What is it?
For those of you who have checked out services such as Foursquare, Gowalla and BlockChalk, the idea, concept and implementation will be very familiar. You can create and check in to places. You can see where your friends are. You can find new places, etc. There's not much new here from an idea perspective. Facebook is getting into the market and they are starting by giving us all of the same stuff we're already used to and little that's new.
Why is it important?
Because Foursquare and Gowalla combined have just a few million users. Facebook has north of half a billion. When Facebook gets into a market, they bring everyone. Literally, everyone.
So that said, let's talk about what it offers for marketers and developers.
Currently the API is limited to read access only. This means we can read information about places and we can ask users via an extended permission if we can read information about the places they are checking in to. We can't currently create places or check people in to things via the API. This is what's called a "write" API and Mark Zuckerberg said this is still a few weeks away.
Pages are what excite me the most. Every place that gets created will also get a standard Facebook-type of page that we're all used to. Many brands, especially in retail and tourism/hospitality, are creating Facebook Pages for each of their locations, branches, etc. Now, those pages could be the actual "places" pages that are generated from this new product. I believe that this is what will happen and companies that jump on board early will see huge benefits of moving fast. We saw this with the "Page" product launch in March 2009 and the "Like" launch in April 2010.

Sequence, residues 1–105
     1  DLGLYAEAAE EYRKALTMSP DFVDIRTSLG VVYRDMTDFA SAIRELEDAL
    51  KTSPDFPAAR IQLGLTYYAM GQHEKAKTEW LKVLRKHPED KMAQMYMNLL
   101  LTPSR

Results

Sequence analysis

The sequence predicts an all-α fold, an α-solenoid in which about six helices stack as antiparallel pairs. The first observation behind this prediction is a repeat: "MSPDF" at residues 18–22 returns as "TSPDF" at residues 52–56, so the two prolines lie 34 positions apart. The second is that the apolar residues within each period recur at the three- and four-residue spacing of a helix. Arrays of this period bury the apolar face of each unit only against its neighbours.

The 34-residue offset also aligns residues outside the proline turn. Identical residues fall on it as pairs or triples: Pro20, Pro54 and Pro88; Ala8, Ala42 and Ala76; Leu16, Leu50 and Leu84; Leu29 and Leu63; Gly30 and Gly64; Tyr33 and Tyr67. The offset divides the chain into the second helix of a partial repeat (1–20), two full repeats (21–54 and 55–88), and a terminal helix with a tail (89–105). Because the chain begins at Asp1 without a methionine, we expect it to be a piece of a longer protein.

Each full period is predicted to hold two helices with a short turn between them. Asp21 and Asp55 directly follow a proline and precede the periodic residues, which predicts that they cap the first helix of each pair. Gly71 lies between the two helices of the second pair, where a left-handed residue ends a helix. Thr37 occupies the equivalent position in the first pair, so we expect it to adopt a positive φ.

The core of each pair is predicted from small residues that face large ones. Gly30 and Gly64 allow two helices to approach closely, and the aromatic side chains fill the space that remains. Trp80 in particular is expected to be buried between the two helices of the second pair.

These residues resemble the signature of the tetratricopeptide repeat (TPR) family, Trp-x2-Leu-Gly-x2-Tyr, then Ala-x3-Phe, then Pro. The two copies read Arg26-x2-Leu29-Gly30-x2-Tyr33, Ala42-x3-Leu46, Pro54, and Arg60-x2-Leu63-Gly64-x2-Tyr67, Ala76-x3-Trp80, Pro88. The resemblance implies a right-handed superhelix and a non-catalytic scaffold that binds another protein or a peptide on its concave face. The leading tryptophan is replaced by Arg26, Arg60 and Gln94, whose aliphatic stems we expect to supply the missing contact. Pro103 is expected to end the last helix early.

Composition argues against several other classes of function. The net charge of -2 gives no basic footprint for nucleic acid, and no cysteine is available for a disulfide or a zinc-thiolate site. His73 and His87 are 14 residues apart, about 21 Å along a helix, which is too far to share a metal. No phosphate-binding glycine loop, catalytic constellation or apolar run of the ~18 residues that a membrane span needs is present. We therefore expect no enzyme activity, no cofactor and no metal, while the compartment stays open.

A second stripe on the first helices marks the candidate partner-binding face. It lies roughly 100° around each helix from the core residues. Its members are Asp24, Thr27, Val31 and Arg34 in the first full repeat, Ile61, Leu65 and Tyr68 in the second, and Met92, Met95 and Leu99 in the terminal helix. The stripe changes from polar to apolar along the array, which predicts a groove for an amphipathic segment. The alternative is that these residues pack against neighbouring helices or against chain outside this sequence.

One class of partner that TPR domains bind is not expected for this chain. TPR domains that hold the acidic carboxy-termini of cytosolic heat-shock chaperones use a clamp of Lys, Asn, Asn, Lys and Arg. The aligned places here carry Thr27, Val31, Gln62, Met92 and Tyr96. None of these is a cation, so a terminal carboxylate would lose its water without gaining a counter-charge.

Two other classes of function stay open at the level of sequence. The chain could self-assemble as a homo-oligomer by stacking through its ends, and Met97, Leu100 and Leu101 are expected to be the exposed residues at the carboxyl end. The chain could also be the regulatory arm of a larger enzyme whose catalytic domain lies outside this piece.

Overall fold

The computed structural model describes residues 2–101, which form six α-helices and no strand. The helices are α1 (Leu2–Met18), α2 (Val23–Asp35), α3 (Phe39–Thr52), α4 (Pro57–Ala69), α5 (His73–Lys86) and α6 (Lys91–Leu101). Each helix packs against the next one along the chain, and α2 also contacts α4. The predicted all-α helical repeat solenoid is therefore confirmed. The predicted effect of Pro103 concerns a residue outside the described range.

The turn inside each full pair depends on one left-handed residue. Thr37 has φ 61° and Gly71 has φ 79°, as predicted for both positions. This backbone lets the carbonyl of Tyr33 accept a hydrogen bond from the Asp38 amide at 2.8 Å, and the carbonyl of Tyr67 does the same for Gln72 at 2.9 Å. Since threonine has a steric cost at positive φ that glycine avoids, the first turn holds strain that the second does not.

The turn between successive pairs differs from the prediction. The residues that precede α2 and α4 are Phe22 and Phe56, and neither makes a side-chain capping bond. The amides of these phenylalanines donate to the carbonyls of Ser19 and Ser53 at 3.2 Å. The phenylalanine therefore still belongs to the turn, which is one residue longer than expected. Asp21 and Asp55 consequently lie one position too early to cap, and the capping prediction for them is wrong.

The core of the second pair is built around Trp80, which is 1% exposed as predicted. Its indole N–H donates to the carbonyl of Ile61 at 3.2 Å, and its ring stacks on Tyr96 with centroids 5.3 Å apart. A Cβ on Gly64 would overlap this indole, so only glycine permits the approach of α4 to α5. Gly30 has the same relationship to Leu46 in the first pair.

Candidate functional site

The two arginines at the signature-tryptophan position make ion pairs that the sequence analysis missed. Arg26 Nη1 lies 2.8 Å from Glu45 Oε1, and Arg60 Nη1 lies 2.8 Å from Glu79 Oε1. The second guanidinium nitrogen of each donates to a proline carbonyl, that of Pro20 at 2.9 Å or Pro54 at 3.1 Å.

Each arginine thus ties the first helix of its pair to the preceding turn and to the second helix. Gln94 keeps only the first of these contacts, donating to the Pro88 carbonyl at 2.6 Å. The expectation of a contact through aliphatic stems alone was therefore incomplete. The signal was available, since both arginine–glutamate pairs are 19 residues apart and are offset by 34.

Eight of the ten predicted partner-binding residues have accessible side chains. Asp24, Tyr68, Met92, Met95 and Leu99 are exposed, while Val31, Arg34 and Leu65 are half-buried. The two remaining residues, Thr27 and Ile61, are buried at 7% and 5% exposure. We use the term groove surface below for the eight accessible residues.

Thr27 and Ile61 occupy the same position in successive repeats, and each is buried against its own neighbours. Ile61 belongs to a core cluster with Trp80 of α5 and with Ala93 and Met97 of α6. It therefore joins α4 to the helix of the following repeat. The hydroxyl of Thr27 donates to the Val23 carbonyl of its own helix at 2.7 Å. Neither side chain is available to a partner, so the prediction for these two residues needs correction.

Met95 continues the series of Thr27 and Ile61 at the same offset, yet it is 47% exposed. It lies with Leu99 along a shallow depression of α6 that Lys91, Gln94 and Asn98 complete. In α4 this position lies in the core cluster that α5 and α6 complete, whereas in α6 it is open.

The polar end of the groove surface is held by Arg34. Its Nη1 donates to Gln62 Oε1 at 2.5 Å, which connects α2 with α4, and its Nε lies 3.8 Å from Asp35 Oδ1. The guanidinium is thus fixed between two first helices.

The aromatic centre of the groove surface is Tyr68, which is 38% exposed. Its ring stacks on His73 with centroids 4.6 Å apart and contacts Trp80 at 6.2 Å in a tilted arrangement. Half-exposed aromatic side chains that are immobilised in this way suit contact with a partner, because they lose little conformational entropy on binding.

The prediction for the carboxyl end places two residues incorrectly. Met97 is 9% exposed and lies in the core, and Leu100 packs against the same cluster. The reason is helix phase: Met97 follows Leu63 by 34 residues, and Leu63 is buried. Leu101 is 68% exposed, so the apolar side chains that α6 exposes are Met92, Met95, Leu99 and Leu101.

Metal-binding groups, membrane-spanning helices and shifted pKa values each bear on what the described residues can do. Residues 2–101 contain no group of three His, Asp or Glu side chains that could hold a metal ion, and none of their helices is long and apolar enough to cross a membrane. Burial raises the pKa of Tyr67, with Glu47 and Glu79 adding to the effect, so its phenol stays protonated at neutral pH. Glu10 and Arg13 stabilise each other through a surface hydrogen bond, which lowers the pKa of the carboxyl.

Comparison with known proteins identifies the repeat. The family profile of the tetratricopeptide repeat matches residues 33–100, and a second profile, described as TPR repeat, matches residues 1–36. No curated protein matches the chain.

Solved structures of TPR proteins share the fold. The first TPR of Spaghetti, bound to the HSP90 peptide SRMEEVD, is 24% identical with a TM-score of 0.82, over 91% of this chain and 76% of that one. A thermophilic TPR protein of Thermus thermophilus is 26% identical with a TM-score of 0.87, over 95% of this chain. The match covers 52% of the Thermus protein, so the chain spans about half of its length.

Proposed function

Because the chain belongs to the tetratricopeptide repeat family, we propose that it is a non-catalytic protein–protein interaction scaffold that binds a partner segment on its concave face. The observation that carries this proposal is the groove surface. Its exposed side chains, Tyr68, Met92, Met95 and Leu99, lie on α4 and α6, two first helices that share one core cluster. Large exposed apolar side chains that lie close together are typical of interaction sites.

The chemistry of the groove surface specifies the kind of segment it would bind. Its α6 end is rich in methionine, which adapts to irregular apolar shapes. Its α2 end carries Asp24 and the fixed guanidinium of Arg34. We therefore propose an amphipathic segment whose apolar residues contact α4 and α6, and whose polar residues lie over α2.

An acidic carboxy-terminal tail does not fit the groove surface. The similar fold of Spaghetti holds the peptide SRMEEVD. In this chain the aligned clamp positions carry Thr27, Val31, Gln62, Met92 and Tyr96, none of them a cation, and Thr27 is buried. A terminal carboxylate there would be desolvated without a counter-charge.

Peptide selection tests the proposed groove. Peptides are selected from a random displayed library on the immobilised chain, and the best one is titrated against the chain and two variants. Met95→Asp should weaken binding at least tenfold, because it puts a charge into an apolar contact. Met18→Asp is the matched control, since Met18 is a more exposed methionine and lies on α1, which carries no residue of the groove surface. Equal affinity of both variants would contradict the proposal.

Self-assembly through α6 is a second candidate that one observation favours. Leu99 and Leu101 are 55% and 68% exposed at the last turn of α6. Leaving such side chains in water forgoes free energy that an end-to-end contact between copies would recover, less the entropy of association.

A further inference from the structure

Facebook provided some information for "claiming" a Place Page as your own and creating a real page out of it. Currently this seems like something that is still in the works. When a "place" is created it is not technically a page yet. The owner of that Place has to come and "claim" the Page. Officially, Facebook says, "Places can only be claimed by official representatives. Verifying a Place claim requires uploading some kind of official document, such as a local business license or Better Business Bureau accreditation."
There's absolutely an opportunity here for new Facebook apps, or "tabs," on your Facebook page. Initially developers could probably easily build an app that reads in a specific "location" and displays all of the people who have checked in. There's likely much more developers can do here, especially once the write API is opened up.
That's all I have for now, but this should get the discussion started. Also, if you didn't get a chance to watch the presentation and would like to take a look you can view a replay here. In addition, Facebook has updated its help section to include a FAQ specifically aimed at advertisers looking for information on Places. You can find that here.
|ABOUT THE AUTHOR|
Michael Lazerow is CEO of Buddy Media, whose Facebook management system is used by global brands and agencies. He founded Golf.com and sold it to Time Inc, and U-Wire, which was sold to CBS. Follow him on Twitter at twitter.com/lazerow.
Brought to you by: StreamSend